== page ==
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Having but Not Using
Preparing for The Day of Pentecost: Three Days before Sunday (Year C)
Psalter: Psalm 104:24-34, 35b
Old Testament: Isaiah 32:11-17
Epistle: Galatians 5:16-25
Holy God, you spoke the world into being. Pour your Spirit to the ends of the earth, that your children may return from exile as citizens of your commonwealth, and our divisions may be healed by your word of love and righteousness. Amen.
…the fruit of the Spirit is love, joy, peace, patience, kindness, generosity, faithfulness, gentleness, and self-control. There is no law against such things. And those who belong to Christ Jesus have crucified the flesh with its passions and desires. If we live by the Spirit, let us also be guided by the Spirit (Galatians 5:22-24).
Whenever I read Paul’s comments on the fruit of the Spirit, I think of King Solomon as he is a good example of receiving a spiritual gift from God (wisdom), but not using it. It must not be missed that Paul instructs the Galatians to live by the Spirit. The Spirit may give us certain gifts, but it is up to us to use them.
When the biblical editor speaks of Solomon’s wisdom, it is a “tongue-in-cheek” comment. It is true that when God was willing to grant the king anything he wanted, he asked not for riches, but for wisdom and knowledge (1 Kings 3:1-15). There was also the incident involving the two mothers claiming the same child in which Solomon exercised profound wisdom in dealing with the situation (1 Kings 3:16-28). But this seems to be the extent of Solomon’s wise rulings. God gives Solomon the gift he asks for—wisdom, but he spends his reign, indeed, his life, failing to use the gift he has been given.
Solomon does things that God has expressly forbidden. God has insisted that his people, Israel, will not have a standing army. They are to trust completely in God. If an army is needed, God will raise it. Yet Solomon institutes a draft in order to have an army always ready to deploy.
God has forbidden marriage to foreign women, not because they are foreign, but because they bring with them their idolatrous ways. Yet Solomon marries pagan women and brings them into his harem as a symbol of his status as a king. He will later fall into pagan ways as he even sacrifices some of his own children to the god Molech.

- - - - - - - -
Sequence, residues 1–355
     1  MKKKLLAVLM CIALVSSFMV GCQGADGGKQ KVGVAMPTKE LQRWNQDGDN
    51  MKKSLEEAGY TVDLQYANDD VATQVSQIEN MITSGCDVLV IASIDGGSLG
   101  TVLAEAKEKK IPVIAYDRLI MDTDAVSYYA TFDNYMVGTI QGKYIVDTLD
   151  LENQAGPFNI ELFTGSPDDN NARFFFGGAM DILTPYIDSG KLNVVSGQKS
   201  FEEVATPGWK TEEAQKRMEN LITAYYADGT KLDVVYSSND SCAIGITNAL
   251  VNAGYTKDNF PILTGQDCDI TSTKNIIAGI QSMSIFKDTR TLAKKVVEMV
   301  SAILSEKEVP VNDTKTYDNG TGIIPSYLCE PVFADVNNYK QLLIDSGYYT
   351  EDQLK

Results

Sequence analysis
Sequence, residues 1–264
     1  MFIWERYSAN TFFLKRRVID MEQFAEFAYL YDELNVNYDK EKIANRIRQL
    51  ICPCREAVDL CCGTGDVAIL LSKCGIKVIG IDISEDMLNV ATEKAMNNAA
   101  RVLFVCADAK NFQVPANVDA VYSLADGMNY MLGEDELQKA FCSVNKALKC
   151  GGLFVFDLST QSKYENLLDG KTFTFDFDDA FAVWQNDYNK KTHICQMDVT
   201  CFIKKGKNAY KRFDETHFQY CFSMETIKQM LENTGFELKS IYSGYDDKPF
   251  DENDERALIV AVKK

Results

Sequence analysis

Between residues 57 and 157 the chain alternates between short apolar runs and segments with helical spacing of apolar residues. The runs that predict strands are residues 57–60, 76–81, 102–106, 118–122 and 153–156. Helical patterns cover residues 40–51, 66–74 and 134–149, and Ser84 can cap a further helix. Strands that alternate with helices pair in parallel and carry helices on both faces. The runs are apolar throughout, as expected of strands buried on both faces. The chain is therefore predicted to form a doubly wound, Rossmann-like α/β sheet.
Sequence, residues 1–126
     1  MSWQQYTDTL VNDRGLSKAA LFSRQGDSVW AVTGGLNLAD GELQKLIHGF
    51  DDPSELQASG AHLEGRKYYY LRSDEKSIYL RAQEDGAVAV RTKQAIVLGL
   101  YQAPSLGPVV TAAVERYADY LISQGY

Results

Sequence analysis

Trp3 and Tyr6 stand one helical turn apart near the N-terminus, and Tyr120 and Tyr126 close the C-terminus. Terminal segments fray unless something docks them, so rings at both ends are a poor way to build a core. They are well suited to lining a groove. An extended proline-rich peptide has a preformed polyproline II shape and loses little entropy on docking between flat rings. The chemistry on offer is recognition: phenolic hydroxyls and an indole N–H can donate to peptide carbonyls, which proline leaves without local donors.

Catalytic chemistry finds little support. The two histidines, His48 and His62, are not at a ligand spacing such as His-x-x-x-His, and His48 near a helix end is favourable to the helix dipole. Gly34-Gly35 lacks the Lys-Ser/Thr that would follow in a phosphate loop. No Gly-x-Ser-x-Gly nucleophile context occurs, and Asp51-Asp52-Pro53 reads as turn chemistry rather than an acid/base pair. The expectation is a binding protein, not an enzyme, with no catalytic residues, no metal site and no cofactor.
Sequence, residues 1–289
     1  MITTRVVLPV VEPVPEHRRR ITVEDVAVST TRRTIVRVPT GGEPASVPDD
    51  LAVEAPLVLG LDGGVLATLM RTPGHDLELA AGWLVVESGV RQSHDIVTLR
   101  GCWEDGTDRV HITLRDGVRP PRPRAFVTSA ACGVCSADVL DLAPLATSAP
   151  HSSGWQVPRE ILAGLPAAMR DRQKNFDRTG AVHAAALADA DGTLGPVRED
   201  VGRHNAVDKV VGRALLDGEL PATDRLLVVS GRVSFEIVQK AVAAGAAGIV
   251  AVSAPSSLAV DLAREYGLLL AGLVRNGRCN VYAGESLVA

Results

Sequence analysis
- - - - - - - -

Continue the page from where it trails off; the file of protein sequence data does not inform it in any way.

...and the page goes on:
Solomon is commanded to build the Temple, which he does, but he spends much more time and money building his palace. He overtaxes the people to pay for his building projects, he resorts to slave labor, and by the time of his death, he has spent the country into bankruptcy. Solomon, this king of Israel, who asked for and received wisdom, spent the rest of his life utilizing everything but wisdom during his reign.
God gives gifts, but it is up to those who receive God’s gifts to use them. The great tragedy of Solomon’s life was that he failed to use what God had granted him. Had he truly been a wise king, his country would not have been facing civil war at the time of his death.
Just because God gifts us doesn’t mean we will automatically use what God gives. It is a great tragedy that so many in the church have been gifted by God with talents and abilities and dispositions, and yet they do not ever reflect upon or ponder how God may wish them to use what they have received.
God gives and we have, but it does not follow logically that we will use what we have received. When we fail to use the gifts God gives, we waste God’s grace that he has lavished upon us. Too often we squander the divine provisions we receive to be faithful. Like the judge, Samson, we are given great strength in the gifts we’ve received, but somewhere along the way we come to believe that we have earned them.
Jesus tells the parable of the talents in order to remind us that it is critical to understand that what we have received is to be used for God’s glory. When I was a sophomore attending a Christian high school, our music teacher would remind us on a regular basis that talent was God’s gift to us. How we used our talent was our gift to God.
May we use what God gives in a way that, after we are gone, no one will speak tongue-in-cheek about us.
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